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Why Do Cramps Happen While Running and How to Prevent Cramps

What's the Deal With: Muscle Cramps

Believe it or not, no one can definitively explain the cause of muscle cramps. Unfortunately many endurance athletes are eager to know why cramps occur and how to prevent them. There are several plausible theories on what causes these debilitating involuntary spasms of muscles including: excessive heat, dehydration, and the loss of electrolytes, to muscle fatigue, insufficient training, and poor stretching habits. A new theory points the blame to the interplay between muscles and nerves.

Since the cause of cramps is not understood, the folks at suggest you take a blanket approach and cover all your bases for cramp prevention. They suggest the following strategies:

  • Stretching: Pay extra attention to the muscles that cramp. Stretch them gently but thoroughly. Experiment with PNF stretching, where you contract the muscle prior to stretching; you might find it more effective.
  • Train appropriately: Being under trained, especially for marathons, can overwhelm your muscles making you susceptible to cramps.
  • Sip a sports drink: Even though the jury is still out on the connection between dehydration and cramping, you should stay well hydrated while running. Plus, regular sips of a sports drink can likely decrease the severity of your cramp should one occur. Make sure your fluid of choice contains electrolytes since these salts may help prevent cramps.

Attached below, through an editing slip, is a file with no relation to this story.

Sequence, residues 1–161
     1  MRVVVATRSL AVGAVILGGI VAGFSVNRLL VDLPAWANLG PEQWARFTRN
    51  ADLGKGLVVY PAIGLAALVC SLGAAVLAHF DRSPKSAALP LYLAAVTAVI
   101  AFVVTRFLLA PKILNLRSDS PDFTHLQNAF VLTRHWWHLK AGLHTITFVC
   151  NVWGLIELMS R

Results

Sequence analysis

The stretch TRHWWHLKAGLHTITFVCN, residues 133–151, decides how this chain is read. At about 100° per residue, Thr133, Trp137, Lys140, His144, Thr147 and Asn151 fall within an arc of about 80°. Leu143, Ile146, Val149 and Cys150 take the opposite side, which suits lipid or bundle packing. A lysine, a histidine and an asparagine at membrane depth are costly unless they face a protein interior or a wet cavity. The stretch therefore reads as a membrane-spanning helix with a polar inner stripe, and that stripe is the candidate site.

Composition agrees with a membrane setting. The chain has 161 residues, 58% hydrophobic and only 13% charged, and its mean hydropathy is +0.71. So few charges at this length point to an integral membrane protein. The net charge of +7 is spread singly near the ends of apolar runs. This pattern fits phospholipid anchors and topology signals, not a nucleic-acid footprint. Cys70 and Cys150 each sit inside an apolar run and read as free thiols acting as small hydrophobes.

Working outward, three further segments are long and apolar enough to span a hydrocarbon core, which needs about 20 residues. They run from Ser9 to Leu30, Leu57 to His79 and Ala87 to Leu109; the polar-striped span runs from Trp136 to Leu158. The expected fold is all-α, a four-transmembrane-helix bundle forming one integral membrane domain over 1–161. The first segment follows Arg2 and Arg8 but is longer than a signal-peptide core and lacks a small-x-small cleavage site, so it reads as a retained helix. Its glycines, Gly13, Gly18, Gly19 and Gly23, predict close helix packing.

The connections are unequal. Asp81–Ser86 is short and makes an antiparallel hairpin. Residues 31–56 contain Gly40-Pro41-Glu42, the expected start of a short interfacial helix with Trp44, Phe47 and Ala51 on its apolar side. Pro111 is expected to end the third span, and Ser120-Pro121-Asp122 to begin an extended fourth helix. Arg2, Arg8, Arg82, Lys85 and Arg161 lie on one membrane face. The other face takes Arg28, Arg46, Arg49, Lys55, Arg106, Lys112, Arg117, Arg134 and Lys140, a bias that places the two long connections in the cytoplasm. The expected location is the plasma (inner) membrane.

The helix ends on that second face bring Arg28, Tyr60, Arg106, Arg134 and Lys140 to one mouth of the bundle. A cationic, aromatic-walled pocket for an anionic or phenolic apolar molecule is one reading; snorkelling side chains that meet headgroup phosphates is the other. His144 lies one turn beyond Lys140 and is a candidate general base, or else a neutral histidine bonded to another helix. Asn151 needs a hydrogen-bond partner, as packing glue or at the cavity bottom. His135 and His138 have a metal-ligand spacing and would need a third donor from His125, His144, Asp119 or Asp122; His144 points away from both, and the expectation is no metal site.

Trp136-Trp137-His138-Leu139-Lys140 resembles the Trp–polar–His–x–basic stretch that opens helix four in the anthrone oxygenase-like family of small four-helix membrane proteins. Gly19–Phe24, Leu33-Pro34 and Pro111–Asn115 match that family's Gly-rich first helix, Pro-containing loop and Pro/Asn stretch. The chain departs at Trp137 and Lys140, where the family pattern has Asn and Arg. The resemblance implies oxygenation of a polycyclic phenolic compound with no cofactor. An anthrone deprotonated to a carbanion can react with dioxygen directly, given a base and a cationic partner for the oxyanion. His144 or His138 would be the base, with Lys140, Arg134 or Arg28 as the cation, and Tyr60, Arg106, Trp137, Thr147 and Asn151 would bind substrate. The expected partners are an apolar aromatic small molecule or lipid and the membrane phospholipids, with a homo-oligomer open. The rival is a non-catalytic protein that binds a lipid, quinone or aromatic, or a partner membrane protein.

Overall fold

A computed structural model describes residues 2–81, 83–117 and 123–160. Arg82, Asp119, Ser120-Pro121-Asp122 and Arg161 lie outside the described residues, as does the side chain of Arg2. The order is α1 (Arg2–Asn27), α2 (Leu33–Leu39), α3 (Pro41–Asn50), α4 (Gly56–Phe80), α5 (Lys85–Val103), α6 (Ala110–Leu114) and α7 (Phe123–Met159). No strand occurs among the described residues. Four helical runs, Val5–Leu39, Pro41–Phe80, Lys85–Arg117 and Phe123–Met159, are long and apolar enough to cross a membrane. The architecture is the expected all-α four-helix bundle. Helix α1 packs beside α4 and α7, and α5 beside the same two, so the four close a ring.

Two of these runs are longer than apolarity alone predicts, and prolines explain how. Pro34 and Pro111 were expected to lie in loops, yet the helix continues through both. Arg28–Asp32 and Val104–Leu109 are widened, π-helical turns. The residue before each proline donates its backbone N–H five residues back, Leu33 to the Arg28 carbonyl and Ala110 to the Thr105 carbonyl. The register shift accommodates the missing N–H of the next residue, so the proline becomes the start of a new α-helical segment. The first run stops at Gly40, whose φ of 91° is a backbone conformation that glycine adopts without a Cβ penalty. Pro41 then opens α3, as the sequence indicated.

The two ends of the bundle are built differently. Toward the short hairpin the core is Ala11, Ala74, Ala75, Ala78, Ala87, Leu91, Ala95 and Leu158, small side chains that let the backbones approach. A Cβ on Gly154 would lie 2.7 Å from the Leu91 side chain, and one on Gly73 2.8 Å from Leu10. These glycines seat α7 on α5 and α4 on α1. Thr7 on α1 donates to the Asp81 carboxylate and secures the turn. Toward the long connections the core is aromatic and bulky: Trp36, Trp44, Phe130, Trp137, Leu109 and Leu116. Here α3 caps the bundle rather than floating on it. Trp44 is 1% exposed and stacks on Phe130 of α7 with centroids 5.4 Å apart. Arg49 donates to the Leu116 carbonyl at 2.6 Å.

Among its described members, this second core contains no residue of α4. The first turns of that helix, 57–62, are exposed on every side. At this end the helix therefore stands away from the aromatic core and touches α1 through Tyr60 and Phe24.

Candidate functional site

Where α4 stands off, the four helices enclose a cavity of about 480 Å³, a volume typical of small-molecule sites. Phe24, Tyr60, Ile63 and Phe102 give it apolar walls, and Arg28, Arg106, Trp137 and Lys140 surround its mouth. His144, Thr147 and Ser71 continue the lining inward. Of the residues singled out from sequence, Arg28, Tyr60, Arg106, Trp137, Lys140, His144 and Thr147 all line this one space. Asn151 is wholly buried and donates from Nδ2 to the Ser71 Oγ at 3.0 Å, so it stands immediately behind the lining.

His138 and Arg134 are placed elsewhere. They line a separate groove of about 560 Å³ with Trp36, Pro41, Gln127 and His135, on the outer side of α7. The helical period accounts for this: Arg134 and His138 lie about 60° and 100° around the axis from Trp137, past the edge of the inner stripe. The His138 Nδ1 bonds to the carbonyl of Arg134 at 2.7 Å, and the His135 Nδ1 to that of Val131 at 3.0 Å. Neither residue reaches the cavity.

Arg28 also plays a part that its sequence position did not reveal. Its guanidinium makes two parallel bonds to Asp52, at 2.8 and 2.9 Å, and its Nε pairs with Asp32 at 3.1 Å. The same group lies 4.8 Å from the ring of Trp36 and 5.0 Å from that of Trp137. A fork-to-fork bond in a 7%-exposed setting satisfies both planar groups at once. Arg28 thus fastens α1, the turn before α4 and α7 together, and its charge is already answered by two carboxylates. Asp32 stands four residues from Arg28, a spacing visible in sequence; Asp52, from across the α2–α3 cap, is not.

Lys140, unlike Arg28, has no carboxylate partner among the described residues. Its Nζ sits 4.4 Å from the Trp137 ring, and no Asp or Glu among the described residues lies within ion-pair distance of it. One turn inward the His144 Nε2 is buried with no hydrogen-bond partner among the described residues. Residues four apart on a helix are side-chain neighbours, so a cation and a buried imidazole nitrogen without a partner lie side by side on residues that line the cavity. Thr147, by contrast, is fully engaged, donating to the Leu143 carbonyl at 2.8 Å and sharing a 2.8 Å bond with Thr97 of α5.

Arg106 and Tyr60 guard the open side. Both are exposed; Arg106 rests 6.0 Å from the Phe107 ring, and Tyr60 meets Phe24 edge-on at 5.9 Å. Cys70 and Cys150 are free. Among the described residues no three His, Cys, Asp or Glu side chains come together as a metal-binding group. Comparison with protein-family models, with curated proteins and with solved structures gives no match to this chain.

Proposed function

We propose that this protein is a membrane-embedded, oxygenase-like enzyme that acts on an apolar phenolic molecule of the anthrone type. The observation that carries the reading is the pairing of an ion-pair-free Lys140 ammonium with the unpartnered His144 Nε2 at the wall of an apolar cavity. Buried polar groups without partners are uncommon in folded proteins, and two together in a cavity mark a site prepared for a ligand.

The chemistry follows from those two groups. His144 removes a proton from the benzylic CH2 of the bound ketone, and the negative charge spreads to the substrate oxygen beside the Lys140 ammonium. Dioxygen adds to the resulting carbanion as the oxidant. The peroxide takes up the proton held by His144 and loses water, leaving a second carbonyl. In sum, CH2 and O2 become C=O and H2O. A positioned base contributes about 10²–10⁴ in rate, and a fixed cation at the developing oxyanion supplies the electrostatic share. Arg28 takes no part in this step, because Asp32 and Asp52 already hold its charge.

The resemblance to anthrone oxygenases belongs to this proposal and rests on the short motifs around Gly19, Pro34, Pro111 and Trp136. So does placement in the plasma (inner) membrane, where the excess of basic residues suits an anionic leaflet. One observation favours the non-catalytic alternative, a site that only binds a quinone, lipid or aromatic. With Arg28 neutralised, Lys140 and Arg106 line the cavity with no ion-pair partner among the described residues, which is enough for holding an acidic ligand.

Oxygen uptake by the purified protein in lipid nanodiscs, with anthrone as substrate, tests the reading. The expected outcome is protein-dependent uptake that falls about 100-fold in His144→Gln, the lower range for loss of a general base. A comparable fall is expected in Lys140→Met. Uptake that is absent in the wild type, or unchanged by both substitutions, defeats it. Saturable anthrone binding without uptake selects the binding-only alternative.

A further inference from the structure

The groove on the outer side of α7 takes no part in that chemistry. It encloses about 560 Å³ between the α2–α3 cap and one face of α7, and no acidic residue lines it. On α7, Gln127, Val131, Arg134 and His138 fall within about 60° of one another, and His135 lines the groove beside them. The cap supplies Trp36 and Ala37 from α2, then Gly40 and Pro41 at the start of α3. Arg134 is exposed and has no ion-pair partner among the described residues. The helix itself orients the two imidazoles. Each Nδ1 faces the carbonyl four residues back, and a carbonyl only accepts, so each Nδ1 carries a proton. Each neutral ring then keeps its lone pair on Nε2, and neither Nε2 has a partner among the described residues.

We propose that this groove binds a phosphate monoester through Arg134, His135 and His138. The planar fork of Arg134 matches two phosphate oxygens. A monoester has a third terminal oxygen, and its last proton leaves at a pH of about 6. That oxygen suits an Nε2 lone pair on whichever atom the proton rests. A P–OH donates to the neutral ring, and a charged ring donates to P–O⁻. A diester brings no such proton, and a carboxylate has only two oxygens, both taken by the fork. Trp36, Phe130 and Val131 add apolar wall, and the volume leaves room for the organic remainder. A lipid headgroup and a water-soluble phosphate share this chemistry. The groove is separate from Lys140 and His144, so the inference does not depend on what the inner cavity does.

• Try some plyo: Plyometrics training, full of leaping, hopping, or skipping drills, can improve muscle-nerve coordination, strength, and help loosen tight muscles.

If you are planning on racing in the near future, plan ahead and train to avoid cramping!


Join The Conversation
johnhardey johnhardey 9 years
Dunno why this article did not mention anything about bananas. I get leg cramps at night that wake me up, if I go for a week w/o eating bananas. Also I feel the fruit also helps me when I work out, because my muscles tire less easily (also related to lactic acid build up). Also surprised this article did not mention lactic acid...
yog yog 9 years
I had calf muscles cramp and some times small foot muscles also get cramps at the middle of the night or even while driving a car. I suffered this for many years. But since I started practicing Yoga and Pranayama(Breathing exercise) which include contraction of muscles followed by relaxation or stretching these muscles, my cramps have gone totally. I did not change my normal diet or added any type of magnesium or potassium in my food. I did Yoga for 15 minuted and Pranayama for same period in the morning. cause of this condition is not known but remedies are known by experience and all the remedies seems to be worth trying.
mark2812 mark2812 9 years